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Police Brutality In Nigeria: List Of 10 Victims Of Senseless Police Shootings In 2022

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There appears to be no end in sight to the highhandedness and brutality of citizens by some members of the Nigeria Police Force despite calls for its reform.

Ironically, this, among other things, was what led to the protests by youths for the disbandment of the Special Anti-Robbery Squad; a unit in the Force created to tackle robbery among other crimes.

The protesters, mainly youths , launched the #EndSARS campaign and raised five key demands which included abolition of the squad, immediate release of arrested protesters; justice for victims of police brutality, establishment of an independent body to investigate police misconduct and salary increase for cops.

On October 11, 2020, the Federal Government announced the disbandment of SARS. But there were still claims that officers of the disbanded police unit in service still patrol streets in plainclothes, extorting, arresting and torturing citizens without reason.

Two years later, extrajudicial killings have yet abated. In fact, the highhandedness and brutality of the cops have increased with families grieving over the senseless killing of their loved ones.

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The chronicles 10 victims of police shootings and events leading to some of the extrajudicial killings across the country in 2022.

Bolanle Raheem

On December 25, 2022, a cop attached to the Ajah Police Station shot dead a 41-year-old pregnant lawyer, Bolanle Raheem, under the Ajah Bridge, in the presence of her husband.

Raheem, her sister, and four children were said to be coming from an eatery in their car around 11am when the cop tried to stop them. Reports noted that her husband was trying to make a U-turn under the Ajah Bridge when the trigger-happy cop shot at the vehicle.

The bullet hit her and she was confirmed dead at the hospital she was rushed to. The killer cop is an Assistant Superintendent of Police identified as Drambi Vandi.

Gafaru Buraimoh

The death of Buraimoh was linked to the cops at the Ajah Police Division.

Buraimoh, a resident of Happy Estate in Ajah, was hit by a stray bullet at about 10pm while coming out of SkyMall on December 7, 2022 by a police inspector attached to the police station.

It was learnt that the shooting that led to Buraimoh’s death occurred during a raid of sellers of black market fuel at the Ajiwe gas station by the police.

However, trouble read its head when the cops attempted to impound a black marketer’s fuel but he allegedly resisted. “His resistance angered the officers who started shooting indiscriminately,” narrated Buraimoh’s brother, Muyideen.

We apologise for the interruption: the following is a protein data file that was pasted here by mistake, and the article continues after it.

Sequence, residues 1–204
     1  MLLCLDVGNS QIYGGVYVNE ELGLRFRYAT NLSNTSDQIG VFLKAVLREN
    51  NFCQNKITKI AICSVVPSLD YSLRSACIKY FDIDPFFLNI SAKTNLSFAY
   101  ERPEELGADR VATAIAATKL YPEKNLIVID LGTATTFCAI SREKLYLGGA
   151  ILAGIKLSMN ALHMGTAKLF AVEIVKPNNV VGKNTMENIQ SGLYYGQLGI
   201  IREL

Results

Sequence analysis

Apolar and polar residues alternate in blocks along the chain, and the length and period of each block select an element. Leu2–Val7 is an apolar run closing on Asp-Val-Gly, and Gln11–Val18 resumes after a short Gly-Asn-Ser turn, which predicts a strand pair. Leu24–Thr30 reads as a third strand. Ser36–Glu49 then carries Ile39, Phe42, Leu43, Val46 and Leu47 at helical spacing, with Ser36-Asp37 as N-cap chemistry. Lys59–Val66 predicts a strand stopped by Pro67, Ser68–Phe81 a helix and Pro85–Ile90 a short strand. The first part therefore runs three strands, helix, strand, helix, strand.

Reacting to the incident, spokesperson for the state police, SP Benjamin Hundeyin, said, “At About 2330hrs (11:30p.m) of Tuesday, December 6, 2022, a shooting incident involving men of Ajah Division, resulted in the unfortunate death of Gafaru Buraimoh of Happy Land Estate, Ajah. “The officer behind the shooting, an inspector of police was immediately disarmed and has been detained as a full-scale investigation has commenced.’’ However, the identity of the cops was not revealed.

Igwe Odinaka and Chikere Obieche
The duo of Odinaka and Obieche

Were two businessmen killed on April 24, 2022, by a drunk cop at a friend’s birthday party in a hotel bar at the Gowon Estate in Lagos State.

The two businessmen who were dealers in phone accessories at the Ikeja Computer Village were hit by gunshots from a cop said to be showing off and trying to impress the birthday host when mistakenly fired gunshots into the guests who were dancing.

Despite the promise of the Lagos police spokesperson that “those responsible will not go scot free,” the promise didn’t see the light of the day.

Koleosho Abayomi

Abayomi is a security guard at the Lekki Peninsula Scheme II, in the Eti Osa Local Government Area of Lagos State. He was shot by a police officer enforcing the ban on motorcycle operations in Lagos on September 28. He was however fortunate to have survived.

The cop, alongside three colleagues attached to the Ogombo Police Station, stormed the Lekki Peninsula Scheme II to enforce the government’s ban on motorcycle operations on the estate when the incident happened. Reacting to the incident, the state police spokesperson confirmed the incident, including payment of Abayomi’s hospital bills. The identity of the cop was however not revealed.

Paul Durowaiye

On January 22, 2022, Durowaiye was killed by a cop whose N20 sachet water he drank in Kogi State.

An eyewitness revealed that Durowaiye was alleged to have taken a sachet of “pure water” belonging to the policeman from the latter’s car to drink before he met his untimely death.